Even though all cities hate mobile home parks, they tolerate them because of property laws governing legal non-conforming use – also known as “grandfathering”. But not all mobile home parks share that protection. In this Mobile Home Park Mastery podcast, we’re going to review the attributes that make a mobile home park at risk and without “grandfathering” rights.
Episode 283: The Limits On Grandfathering Protection Transcript
Legal non-conforming use has another word, it's called grandfathering. A grandfather in mobile home park is one in which you are allowed to continue that operation even though it no longer meets current zoning. However, not all mobile home parks have protection from grandfathering based on different circumstances. This is Frank Rolfe, the Mobile Home Park Mastery podcast. We're gonna talk about the limitations of grandfathering protections. Now, let's first start going over what grandfathering typically relates to when we talk about a mobile home park, because the word park in mobile home park is the key ingredient. A mobile home park is basically a parking lot for mobile homes, just like a parking lot for cars, so is the use that is grandfathered in most parts of real estate, the structure is what is grandfathered. Let's say you have a stick-built home sitting on a residential lot, no longer meets any of the zoning ordinances, but the home gets to remain because it was already there, and then one day a storm comes in and blows the home down. Can you put the home back? No. Why? You lost your grandfathering. Why? Because the structure was grandfathered, and the minute the structure came down, you can't put it back.
That's true for apartments, single-family, retail, office, but then came the mobile home park, because you see our use is grandfathered, because we're a parking lot. And you can't blow a parking lot down, tornado can't effect it, fire can't affect it, even flooding can affect it. So as a result, the mobile home park is typically there forever, the only way you can lose your grandfathering with that parking lot would be if you abandoned the use for over 180 days in most cities, which to define abandoned the use is even difficult, 'cause it means you have to have not any customers in that park at all and cease all marketing efforts. You could have a mobile home park with no trailers in it and still be protected to under grandfathering if you have a phone number out front, because even though there's nobody in it, you're still actively trying to put them in there. So even though you're having no luck, you haven't really abandoned the use. So mobile home parks are basically parking lots, then what grandfathering does is it protects your right, for those trailers to come in and out.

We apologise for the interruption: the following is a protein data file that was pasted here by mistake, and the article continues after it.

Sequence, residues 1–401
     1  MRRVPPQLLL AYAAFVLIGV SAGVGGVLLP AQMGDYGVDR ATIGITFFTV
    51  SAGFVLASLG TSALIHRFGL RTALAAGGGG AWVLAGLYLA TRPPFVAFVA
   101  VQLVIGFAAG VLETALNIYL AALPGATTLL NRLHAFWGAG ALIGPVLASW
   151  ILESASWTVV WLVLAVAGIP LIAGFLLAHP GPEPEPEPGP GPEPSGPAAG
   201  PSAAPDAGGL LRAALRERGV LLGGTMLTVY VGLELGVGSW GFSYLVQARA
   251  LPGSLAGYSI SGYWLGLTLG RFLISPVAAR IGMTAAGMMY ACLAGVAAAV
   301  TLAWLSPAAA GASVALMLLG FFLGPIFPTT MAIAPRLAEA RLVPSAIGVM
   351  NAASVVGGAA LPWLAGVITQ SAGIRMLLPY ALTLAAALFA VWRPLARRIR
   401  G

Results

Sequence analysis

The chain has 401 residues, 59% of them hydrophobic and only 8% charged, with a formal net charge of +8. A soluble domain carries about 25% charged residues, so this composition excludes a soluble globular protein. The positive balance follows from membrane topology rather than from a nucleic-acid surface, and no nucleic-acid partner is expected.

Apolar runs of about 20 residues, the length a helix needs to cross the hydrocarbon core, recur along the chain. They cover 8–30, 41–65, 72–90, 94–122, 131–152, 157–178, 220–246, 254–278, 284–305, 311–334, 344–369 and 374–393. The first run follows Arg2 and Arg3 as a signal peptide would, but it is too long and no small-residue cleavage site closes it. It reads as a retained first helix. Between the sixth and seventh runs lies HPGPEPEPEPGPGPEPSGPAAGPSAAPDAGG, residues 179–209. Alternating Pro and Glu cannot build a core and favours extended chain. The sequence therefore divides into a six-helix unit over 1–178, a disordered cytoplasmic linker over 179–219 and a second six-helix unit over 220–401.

So that's really the power of the grandfathering related to mobile home parks is only with grandfathering are you allowed to bring in new customers, only then are you allowed to have those old and new customers sit parked in your parking lot. So it's very, very important property right, and many park owners think, "Okay. Well, if I buy the mobile home park, I guess I must already be protected by this." But the answer is no, that is not completely true. There are several variants of mobile home parks in which you would have no protections, the first one is, if your park is illegal. Now you would not think this could be possible, but I myself have personally walked on a over 100 space mobile home park north of Fort Worth, that was completely illegal. The person who built it never had a permit to build it, they'd received correspondence from the city many times saying, "Stop it, it's illegal. Shut it down." They've threw them in the trash, and they just kept going. I've also walked parks where portions of the park are legal, but then they just started illegally adding lots on. And I mean, a lot of lots, a permit for 50 lots and they build the thing out as a 100.